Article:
This Week’s Top Picks in Imperial & Global History

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Marc-William Palen
History Department, University of Exeter
Follow on Twitter @MWPalen

From the memory of Soviet famine to how a Sioux chief was buried in Dresden, here are this week’s top picks in imperial and global history.

Recalling Famine, Russians Decry Kremlin Destruction of Food Imports

Fred Weir
Christian Science Monitor

Larissa Tarkhanova well remembers the Soviet-era rituals of lining up, often for hours, to obtain basic foodstuffs in the “grocery stores” of those days. As a clerk in a pretty well-stocked local food shop, Ms. Tarkhanova says she knows how far her country has come, generally supports its leadership, and seldom complains about anything. But today something has upset her – the Kremlin’s destruction of perfectly good food.

A broken head of cheese lies on the ground as illegally imported food is bulldozed in Russia's Belgorod region. Reuters.
A broken head of cheese lies on the ground as illegally imported food is bulldozed in Russia’s Belgorod region. Reuters.

The Russian government has been destroying vast quantities of foodstuffs, from pork and cheese to apples and tomatoes, because they originated in Western countries covered by retaliatory counter-sanctions ordered by President Vladimir Putin a year ago. And that waste – almost 400 tons of food incinerated or bulldozed in the past several days – is rubbing a lot of Russians, who have memories like Tarkhanova’s, the wrong way. [continue reading]

Guarding Empire, Mandating Statehood: A Conversation with Susan Pedersen on The League of Nations, Internationalism, and the End of Empire

Timothy Nunan
Toynbee Global History Forum

Travel to the shores of Lake Geneva, disembark from your ferry or catamaran onto the narrow streets of bourgeois Geneva, and take one of the Swiss city’s speedy trams up the hill to your north, and you won’t be able to miss it: there, at the end of one of the tram lines, sits the massive compound of the United Nations Office in Geneva (UNOG), housed in the majestic Palais des Nations (Palace of Nations), one of the largest buildings in Europe. Fluttering in front of it (next to the gate for UN employees passing into the complex) are the 193 flags of all members of the United Nations, from founding members like the United States, Great Britain, or France, to newer member-states like South Sudan or Kosovo–all flying at equal heights and equally spaced out along four grand rows.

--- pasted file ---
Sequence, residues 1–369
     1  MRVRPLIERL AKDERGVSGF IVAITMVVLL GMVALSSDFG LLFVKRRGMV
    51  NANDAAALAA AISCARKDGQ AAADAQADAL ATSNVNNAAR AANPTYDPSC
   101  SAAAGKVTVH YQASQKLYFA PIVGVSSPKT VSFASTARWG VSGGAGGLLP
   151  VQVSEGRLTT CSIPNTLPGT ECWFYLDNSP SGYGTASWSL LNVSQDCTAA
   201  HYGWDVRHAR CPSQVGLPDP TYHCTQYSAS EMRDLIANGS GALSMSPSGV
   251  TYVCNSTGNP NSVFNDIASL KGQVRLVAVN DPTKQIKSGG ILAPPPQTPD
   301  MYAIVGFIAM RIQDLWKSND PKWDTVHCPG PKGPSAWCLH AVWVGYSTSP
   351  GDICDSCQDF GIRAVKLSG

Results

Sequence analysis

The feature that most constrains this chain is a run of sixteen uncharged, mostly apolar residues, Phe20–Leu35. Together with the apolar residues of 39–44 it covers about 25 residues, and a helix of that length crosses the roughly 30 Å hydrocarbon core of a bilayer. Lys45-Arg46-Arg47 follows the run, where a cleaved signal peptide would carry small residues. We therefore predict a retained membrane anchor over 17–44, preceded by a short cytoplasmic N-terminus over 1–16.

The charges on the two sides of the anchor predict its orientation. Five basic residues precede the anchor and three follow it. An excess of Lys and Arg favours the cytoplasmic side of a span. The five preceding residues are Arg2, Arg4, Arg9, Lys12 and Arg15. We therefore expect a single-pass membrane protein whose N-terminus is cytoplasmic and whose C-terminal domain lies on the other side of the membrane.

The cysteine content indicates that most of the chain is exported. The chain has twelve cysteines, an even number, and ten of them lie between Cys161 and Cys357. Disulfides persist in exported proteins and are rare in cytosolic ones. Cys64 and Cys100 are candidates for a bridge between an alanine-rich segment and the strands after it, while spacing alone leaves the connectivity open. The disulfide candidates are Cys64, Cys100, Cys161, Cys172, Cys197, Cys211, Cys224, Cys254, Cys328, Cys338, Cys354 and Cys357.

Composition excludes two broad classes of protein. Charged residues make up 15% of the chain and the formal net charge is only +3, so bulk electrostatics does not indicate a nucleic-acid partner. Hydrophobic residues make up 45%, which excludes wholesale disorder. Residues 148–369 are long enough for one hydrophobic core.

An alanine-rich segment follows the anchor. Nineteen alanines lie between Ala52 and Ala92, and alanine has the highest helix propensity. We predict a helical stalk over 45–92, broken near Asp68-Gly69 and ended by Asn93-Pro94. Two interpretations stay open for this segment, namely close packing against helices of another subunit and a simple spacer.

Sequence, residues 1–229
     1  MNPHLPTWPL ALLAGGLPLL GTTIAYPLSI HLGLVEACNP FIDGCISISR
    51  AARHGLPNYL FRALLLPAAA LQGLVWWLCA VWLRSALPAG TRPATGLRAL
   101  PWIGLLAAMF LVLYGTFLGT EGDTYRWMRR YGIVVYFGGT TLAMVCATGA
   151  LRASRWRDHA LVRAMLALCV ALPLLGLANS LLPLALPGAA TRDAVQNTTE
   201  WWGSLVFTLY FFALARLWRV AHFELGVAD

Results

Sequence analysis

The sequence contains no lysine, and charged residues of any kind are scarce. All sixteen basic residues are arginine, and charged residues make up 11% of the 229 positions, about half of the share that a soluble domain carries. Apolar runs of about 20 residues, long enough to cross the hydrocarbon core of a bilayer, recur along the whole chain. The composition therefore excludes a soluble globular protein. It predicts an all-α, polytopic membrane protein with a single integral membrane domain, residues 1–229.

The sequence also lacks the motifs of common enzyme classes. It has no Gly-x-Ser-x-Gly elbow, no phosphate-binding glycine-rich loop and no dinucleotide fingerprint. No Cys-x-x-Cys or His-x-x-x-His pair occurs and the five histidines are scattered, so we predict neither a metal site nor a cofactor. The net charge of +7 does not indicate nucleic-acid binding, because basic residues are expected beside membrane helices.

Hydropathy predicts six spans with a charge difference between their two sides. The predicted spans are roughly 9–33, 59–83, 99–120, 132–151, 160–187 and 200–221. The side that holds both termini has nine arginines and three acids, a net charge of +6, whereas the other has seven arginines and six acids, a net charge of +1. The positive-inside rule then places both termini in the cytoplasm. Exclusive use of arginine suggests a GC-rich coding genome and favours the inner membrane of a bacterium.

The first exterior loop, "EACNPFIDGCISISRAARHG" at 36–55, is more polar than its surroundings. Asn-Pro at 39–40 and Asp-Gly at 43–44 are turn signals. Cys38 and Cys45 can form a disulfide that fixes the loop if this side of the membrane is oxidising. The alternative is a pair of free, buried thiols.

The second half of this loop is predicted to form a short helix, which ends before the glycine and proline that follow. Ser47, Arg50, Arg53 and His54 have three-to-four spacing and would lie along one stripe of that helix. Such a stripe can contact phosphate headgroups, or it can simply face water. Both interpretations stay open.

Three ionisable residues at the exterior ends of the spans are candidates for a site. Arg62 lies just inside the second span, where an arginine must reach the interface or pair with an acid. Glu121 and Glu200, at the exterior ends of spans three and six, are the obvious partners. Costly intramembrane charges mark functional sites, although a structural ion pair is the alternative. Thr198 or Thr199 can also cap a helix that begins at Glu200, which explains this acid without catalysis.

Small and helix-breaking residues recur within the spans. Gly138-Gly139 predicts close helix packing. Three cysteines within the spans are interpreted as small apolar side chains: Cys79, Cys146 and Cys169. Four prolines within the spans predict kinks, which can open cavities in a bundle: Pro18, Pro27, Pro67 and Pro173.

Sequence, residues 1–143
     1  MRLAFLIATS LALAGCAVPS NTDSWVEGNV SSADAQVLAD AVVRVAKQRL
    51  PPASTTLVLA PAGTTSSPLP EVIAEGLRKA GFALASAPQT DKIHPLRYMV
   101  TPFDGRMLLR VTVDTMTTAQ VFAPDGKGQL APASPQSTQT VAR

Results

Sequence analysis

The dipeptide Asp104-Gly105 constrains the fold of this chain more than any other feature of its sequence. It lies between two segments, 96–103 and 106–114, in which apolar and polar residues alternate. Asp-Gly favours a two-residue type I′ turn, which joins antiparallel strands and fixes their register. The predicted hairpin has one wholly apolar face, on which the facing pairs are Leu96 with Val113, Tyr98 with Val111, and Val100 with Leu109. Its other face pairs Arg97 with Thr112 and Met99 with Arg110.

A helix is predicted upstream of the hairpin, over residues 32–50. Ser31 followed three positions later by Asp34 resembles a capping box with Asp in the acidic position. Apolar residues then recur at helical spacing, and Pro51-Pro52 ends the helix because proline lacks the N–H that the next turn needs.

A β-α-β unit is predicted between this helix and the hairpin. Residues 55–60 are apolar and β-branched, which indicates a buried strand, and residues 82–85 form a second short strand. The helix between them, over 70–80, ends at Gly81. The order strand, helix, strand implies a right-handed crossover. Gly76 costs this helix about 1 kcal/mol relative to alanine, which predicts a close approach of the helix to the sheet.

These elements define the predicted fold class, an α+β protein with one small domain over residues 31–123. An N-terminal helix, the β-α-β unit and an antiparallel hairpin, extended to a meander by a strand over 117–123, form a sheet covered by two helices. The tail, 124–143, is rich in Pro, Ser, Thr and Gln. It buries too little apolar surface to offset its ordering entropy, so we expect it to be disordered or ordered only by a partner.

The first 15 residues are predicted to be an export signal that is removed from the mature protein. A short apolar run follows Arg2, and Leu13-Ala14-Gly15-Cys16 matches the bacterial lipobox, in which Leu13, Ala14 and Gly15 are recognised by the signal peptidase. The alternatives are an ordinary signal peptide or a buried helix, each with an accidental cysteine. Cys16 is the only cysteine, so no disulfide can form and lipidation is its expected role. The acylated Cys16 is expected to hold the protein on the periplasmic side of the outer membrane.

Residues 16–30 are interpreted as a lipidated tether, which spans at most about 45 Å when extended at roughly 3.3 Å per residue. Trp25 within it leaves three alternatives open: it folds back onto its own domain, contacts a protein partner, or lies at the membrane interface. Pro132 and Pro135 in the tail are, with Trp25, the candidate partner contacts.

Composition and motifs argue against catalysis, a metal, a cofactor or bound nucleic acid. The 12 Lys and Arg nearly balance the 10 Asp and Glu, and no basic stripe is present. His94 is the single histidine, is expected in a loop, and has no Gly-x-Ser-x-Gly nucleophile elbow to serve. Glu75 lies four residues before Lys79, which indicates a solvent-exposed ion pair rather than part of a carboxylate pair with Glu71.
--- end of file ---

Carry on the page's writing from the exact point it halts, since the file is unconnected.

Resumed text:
And yet this current arrangement of things in Geneva–and international order writ large–is quite new. The Palais des Nations, today home to meetings for UN organizations, was originally built as the headquarters for the now-defunct League of Nations, the interwar system of international governance that today (where it is remembered) is probably most associated with failing to keep the peace of Versailles and not having the United States of America as a member. Had one flown the flags of the nation-states of the day in front of the Palais following its opening, however, the number of flags would have been much, much smaller, with Africa and Asia barely represented. And as the maps that hang in the elegant Reading Room of the League’s Archives (themselves in a wing of the Palais) remind us, most of the world’s population then who was not Chinese lived not in nation-states, but in empires–in the British and French Empires, to be specific. [continue reading]

The Great Sushi Craze of 1905, Part 2

H. D. Miller
An Eccentric Culinary History

In Part One of “The Great Sushi Craze of 1905″ I introduced to you what might have been the first real Japanese restaurant in the United States, a bare-bones place that opened in the summer of 1889 at 84 James Street in downtown New York City. That year’s August 31st issue of Harper’s Weekly gave this unnamed restaurant a five-star review, complete with an engraving of stout Americans in pince-nez giving their order to a prissy waiter.